* Cliffs to raise funds to pay down debt
* Common shares priced at $29/shr, depositary shares at $25/shr
* Miner reported Q4 loss after writedown of Canada deal
* Shares down 0.58 percent at $29.31 on NYSE
Feb 15 Cliffs Natural Resources Inc, a U.S.-based coal and iron ore miner grappling with low commodities pricing and escalating costs, could raise up to $1 billion through two separate equity offers announced earlier this week and priced late on Thursday.
Shares of Cliffs plunged 18 percent on Wednesday, a day after the company announced the share offering and slashed its dividend. It also revealed quarterly loss after a writedown in the value of a Canadian acquisition, higher costs and lower iron ore prices.
Shares were down 0.58 percent at $29.31 shortly after market open on Friday on the New York Stock Exchange.
The Cleveland-based miner said on Friday it planned to sell some 9 million common shares at $29 each, lower than its Thursday closing price of $29.48. If the offer is fully exercised, Cliffs could sell up to 10.35 million shares, for total proceeds of $300 million.
The company also plans to sell 27 million depositary shares at $25 each. If fully exercised, Cliffs could sell up to 31.05 million of the securities for total proceeds of $776.3 million.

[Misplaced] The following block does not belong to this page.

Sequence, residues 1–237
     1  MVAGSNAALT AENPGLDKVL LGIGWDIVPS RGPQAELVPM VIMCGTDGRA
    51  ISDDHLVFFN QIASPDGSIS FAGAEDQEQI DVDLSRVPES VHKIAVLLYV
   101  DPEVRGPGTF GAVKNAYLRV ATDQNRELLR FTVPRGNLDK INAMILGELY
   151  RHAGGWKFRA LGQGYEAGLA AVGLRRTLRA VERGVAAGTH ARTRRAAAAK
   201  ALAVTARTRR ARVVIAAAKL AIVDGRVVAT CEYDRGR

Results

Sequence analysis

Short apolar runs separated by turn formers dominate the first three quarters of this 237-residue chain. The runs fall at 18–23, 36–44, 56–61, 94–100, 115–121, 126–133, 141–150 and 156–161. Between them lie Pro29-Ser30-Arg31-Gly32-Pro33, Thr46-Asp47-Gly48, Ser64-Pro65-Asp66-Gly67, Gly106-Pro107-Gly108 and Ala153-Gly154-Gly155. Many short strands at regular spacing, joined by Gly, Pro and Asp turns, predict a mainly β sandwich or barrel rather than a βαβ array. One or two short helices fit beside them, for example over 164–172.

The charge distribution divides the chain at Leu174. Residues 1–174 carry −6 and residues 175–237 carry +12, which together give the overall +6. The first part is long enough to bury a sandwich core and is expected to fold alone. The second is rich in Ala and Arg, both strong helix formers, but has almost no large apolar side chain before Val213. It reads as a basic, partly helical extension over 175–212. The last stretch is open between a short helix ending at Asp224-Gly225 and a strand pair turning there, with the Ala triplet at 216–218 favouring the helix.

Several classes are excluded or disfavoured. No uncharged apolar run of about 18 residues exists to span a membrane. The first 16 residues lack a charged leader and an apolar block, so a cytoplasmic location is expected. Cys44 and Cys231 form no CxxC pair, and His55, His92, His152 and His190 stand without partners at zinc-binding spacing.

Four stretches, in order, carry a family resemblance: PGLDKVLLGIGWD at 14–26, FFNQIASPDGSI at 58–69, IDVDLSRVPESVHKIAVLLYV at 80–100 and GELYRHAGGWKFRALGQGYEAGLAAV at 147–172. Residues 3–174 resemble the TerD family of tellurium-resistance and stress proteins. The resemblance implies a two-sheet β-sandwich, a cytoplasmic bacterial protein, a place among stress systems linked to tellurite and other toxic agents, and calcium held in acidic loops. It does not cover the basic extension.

The depositary shares each represent a 1/40th interest in a share of the company's new Series A mandatory convertible preferred stock.
Cliffs will list the depositary shares on the New York Stock Exchange. If approved, trading could start within 30 days of their initial delivery. The miner wants to use the proceeds of the two offers to repay debt under its term loan facility and for general corporate purposes.
In January, Cliffs said it would take a $1 billion charge to write down the value of its C$4.07 billion ($4.06 billion) takeover of Consolidated Thompson Iron Mines Ltd, a 2011 deal that gave the company control of the Bloom Lake mine.
Bloom Lake is near the company's other Canadian operations in the Labrador Trough, an iron-rich region that extends through Quebec and Labrador.
On a conference call with analysts and investors on Wednesday, Cliffs said Bloom Lake's revenue per tonne fell 26 percent to $89 in the fourth quarter.